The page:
Job’s speeches throughout the dialog with his friends appear random when we first read them, but as he listens to their harangues, his own concepts seem to take form. He cannot simply attempt to refute their bad theology and interpretation of his problems; he is forced to develop a theology of his own, which he does. However, he does not lay his thoughts out in clear logical fashion; rather he moves back and forth, sometimes even contradicting previous statements. But he does make progress.

Job, like his three friends, is ignorant of the heavenly wager. He also buys into their “prosperity theology” – at least at first – and would even buy into their syllogism, except for one fact: he knows that he has not sinned. He agrees with his friends that God punishes sinners, but believes that God is punishing him and he’s not a sinner. Therefore God is either acting unjustly or unknowingly, though it’s not clear whether the first alternative ever occurred to Job. So then, while God is all powerful He is not (in Job’s thinking) all knowing.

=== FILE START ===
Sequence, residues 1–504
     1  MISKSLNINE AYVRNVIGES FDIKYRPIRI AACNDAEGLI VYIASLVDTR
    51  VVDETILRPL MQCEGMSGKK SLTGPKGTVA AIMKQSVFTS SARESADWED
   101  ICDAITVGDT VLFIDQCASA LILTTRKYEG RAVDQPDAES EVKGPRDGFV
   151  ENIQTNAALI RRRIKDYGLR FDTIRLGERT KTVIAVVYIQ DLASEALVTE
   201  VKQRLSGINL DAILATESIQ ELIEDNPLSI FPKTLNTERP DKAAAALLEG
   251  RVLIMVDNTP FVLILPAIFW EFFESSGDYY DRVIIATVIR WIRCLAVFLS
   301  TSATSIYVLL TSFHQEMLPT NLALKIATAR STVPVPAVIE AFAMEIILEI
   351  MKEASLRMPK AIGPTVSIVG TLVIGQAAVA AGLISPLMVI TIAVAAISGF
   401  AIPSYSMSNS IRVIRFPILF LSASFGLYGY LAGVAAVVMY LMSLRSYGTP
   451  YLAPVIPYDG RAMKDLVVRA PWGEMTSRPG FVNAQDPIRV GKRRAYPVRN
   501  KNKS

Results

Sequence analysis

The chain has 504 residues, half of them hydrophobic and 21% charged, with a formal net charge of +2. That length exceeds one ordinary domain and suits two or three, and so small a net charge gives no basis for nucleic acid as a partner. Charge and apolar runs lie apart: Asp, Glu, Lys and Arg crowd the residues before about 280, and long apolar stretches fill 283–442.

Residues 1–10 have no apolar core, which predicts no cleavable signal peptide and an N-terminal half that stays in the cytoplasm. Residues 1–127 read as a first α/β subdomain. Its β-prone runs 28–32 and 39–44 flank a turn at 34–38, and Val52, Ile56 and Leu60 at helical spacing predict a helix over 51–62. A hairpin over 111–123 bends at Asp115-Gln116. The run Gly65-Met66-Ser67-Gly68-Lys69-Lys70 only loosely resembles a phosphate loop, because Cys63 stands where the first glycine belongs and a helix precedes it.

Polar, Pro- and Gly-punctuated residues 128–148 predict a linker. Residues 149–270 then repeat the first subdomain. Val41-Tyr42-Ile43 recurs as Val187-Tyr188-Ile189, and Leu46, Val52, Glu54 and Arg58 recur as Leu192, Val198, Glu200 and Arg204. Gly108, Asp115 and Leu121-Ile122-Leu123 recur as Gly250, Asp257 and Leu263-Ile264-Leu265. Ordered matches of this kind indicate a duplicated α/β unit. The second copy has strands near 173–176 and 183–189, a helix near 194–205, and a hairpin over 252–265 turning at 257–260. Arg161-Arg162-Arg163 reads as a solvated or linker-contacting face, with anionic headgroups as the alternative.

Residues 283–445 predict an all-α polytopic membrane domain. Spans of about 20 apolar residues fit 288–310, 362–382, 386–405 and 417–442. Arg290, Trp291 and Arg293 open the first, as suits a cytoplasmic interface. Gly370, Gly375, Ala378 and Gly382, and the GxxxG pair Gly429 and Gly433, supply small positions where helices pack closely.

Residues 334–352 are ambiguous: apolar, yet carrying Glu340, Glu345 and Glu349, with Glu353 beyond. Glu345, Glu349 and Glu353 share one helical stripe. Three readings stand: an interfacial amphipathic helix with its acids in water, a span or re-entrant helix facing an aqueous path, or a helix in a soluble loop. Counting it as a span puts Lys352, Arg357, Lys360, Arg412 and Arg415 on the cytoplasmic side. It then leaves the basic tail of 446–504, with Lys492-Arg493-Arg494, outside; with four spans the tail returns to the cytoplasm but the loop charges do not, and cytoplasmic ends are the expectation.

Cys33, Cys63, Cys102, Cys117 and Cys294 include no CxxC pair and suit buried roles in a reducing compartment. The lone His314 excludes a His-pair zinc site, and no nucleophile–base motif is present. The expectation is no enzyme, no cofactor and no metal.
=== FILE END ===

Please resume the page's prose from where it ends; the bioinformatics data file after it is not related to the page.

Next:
The following is my brief attempt to systematize Job’s thoughts:

1. He feels he is innocent and longs for release through death.
“Oh, that my request would be granted
And that God would grant my desire
And that God would be willing to crush me
And let go His hand and cut me off!
Then this would be my consolation
As I writhe in unsparing pain
That I didn’t deny the words of the Holy One” (6:8-10).

2. God is punishing Him unjustly. Frequently he turns from his friends and speaks directly to God.
“Have I sinned? What have I done to You
Watcher of men?
Why do You make me Your target,
So I am a burden to myself?
Why don’t You pardon my transgression
And pardon my iniquity?
For now I’ll lie down in dust;
You’ll seek me but I won’t be!” (7:20, 21).